Thanksgiving is my favorite time of the year—and it has nothing at all to do with the turkey. For me it is all about family traditions. Thanksgiving has always signified a time for family and loved ones. It’s about gathering around the living room and reconnecting with kids and people you love. It’s about watching the Macy’s parade and the football games and going for a long walk on a cool, brisk November afternoon.
There was a time when Thanksgiving was all about feasting and gorging on sugary, fat-laden foods. I have now altered my thinking. The food is still an important part of the day but now the table overflows with healthier choices. This year I will be baking my desserts with brown rice or maple syrup. My stuffing will be made with healthy oil and filled with chestnuts and wild and brown rice. There will be brussel sprouts and cauliflower mash and small sugar pumpkins filled with a delectable vegan stuffing. The creamy mushroom soup won’t have a spot of cream. Eating this way will not only make me feel better the day after but also feel good about feeding my family healthier versions of the traditional Thanksgiving feast.
Historically, Thanksgiving is the time we celebrate the harvest and give thanks. Although the colonists and Wampanoag Indians shared a harvest meal in early Colonial times, it was President Lincoln who first proclaimed Thanksgiving Day as a national holiday to be celebrated every November. The meal the Pilgrims and Native Americans ate was probably very different from what we eat today. “Turkey” was a generic term for any wild fowl and it is reported that they ate wild duck, geese and venison. It is unlikely that they ate pumpkin pie at the first Thanksgiving meal because they had exhausted their supply of flour. The pumpkin “squash” was probably part of that feast. Its origins date from Mexico almost 9,000 years ago and it had been cultivated by Native Americans for hundreds of years before Europeans arrived on these shores. It was usually eaten roasted or boiled and was often the only food available during the harsh New England winters. The first Thanksgiving meal certainly included lobster, dried fruit, clams and plums. Since there were no pesticides and they ate only foods they had farmed, their diets were perfectly organic and locally grown.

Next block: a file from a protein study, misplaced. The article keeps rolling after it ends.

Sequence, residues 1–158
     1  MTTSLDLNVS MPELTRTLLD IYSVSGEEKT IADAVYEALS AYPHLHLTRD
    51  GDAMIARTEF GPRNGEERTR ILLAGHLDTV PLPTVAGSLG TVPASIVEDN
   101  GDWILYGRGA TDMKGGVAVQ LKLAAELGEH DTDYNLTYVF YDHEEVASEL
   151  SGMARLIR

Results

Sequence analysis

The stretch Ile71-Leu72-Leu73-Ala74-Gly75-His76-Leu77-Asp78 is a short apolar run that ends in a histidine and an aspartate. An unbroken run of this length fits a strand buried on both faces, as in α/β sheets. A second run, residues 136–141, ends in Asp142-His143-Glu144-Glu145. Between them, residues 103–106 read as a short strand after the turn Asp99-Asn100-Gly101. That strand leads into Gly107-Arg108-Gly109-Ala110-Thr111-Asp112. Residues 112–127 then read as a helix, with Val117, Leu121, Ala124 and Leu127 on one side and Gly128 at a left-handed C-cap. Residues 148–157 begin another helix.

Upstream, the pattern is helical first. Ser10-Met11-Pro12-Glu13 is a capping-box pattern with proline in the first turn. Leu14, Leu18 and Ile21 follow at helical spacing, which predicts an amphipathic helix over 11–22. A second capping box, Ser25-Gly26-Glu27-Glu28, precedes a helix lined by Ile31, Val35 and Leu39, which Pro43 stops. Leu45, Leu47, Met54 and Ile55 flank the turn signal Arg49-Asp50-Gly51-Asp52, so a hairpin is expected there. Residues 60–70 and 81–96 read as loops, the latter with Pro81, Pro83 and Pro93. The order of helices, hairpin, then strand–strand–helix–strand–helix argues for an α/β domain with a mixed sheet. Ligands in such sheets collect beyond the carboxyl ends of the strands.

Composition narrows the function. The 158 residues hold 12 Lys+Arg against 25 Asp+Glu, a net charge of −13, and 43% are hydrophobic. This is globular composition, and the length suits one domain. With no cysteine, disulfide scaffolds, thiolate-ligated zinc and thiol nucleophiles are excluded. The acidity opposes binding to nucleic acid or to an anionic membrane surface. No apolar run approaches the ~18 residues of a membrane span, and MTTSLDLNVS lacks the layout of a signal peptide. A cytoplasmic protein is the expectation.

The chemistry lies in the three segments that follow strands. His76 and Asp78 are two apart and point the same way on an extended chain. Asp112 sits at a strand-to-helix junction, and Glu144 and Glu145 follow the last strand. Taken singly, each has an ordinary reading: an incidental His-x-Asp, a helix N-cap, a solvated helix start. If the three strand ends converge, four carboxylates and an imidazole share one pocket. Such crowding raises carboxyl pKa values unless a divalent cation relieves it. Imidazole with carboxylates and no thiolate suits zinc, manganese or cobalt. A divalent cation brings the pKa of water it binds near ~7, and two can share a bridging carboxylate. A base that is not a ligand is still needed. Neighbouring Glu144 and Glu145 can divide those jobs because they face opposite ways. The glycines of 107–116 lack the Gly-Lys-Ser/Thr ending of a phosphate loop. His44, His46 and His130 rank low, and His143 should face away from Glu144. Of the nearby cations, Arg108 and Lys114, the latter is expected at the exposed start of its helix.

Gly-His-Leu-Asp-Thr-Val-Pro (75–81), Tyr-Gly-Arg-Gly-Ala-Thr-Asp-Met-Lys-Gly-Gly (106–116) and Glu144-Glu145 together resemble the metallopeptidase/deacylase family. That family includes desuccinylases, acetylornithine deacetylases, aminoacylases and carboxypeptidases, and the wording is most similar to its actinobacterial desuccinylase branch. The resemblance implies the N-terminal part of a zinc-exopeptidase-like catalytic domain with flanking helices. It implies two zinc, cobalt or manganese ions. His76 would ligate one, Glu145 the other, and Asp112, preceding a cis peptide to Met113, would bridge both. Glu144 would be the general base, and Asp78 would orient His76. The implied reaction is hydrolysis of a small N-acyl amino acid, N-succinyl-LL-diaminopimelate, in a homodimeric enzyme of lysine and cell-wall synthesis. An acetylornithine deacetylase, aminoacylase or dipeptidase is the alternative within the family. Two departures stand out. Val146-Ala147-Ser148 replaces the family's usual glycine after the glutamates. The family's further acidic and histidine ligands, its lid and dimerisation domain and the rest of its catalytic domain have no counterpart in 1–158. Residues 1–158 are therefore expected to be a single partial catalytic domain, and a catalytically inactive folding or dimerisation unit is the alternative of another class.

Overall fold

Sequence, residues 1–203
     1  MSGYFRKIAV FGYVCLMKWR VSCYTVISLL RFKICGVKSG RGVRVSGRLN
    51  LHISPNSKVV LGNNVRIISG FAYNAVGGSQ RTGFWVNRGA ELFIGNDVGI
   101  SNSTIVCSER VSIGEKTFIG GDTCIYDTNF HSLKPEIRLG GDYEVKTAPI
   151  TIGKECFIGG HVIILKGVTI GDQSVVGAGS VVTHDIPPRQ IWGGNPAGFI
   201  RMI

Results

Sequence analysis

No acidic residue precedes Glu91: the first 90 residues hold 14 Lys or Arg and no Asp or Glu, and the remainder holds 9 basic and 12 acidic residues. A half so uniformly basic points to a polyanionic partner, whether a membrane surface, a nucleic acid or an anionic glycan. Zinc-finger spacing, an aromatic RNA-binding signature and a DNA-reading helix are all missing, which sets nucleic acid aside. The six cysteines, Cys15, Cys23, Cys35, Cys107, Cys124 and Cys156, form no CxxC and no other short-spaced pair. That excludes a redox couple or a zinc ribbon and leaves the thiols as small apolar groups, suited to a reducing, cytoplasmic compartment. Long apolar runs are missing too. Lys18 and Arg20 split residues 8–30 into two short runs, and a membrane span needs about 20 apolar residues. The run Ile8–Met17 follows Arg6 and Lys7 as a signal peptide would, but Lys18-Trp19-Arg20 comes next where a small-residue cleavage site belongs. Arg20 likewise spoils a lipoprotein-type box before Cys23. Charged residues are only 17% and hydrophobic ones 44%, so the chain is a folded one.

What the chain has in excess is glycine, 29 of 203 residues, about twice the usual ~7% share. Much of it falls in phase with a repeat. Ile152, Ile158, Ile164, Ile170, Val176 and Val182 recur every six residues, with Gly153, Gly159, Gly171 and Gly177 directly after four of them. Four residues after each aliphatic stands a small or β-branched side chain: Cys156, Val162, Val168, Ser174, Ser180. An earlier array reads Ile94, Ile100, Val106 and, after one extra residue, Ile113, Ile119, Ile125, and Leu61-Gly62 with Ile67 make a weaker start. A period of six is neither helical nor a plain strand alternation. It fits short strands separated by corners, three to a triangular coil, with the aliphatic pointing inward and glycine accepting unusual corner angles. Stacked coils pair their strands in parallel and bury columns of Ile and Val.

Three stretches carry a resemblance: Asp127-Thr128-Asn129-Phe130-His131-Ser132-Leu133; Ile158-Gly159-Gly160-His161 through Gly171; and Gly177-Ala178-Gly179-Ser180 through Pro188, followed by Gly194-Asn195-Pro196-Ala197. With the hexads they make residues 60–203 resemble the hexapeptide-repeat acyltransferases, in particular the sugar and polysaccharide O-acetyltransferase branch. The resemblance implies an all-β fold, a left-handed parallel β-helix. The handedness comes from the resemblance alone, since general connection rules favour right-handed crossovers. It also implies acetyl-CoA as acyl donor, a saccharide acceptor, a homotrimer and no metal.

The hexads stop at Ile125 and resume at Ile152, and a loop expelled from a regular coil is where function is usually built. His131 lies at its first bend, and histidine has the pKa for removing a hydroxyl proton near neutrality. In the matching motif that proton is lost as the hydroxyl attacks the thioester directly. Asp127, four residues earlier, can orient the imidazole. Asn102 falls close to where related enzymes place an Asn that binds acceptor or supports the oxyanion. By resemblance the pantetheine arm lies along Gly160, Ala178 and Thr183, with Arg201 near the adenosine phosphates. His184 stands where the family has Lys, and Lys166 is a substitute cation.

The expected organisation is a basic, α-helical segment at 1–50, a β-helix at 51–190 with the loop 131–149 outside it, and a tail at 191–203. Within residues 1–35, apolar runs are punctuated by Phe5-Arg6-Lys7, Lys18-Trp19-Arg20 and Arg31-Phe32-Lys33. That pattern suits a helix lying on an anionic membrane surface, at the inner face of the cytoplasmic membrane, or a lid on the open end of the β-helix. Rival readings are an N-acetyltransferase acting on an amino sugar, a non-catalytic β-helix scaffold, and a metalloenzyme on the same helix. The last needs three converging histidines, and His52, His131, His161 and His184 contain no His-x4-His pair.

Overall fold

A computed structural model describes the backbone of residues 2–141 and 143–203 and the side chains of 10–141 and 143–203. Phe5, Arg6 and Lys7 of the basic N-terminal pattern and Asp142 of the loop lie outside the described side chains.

Thanksgiving is a time of the year for reflection and expressions of gratitude. But why leave that to just one day a year? Before getting out of bed each morning, think of one thing in your life that you are grateful for. For me, it is my health, my family, my wonderful partner of over forty years, my home and my children. As I add to my gratitude list, I become keenly aware of how fortunate I am. My husband has always had a rosy attitude towards life. He doesn’t think that the glass is just half-full, he sees it as overflowing. I have to concede that he’s right. Keep a positive attitude.
As soon as the Thanksgiving weekend ends, most of us start thinking about the December holidays. Hanukah comes early this year and with it dishes of potato latkes and apple sauce. Christmas follows with endless holiday parties filled with sugary and fatty foods. I will not give in to temptation and will socialize simply to spend time with friends and colleagues. Eating is something I do when I am hungry and need to nourish myself. Although it is easy to forget, I try to remember to eat and live mindfully even during the holidays. So, take a deep breath and relax a bit before you head out to celebrate the season and remember to always take care of yourself.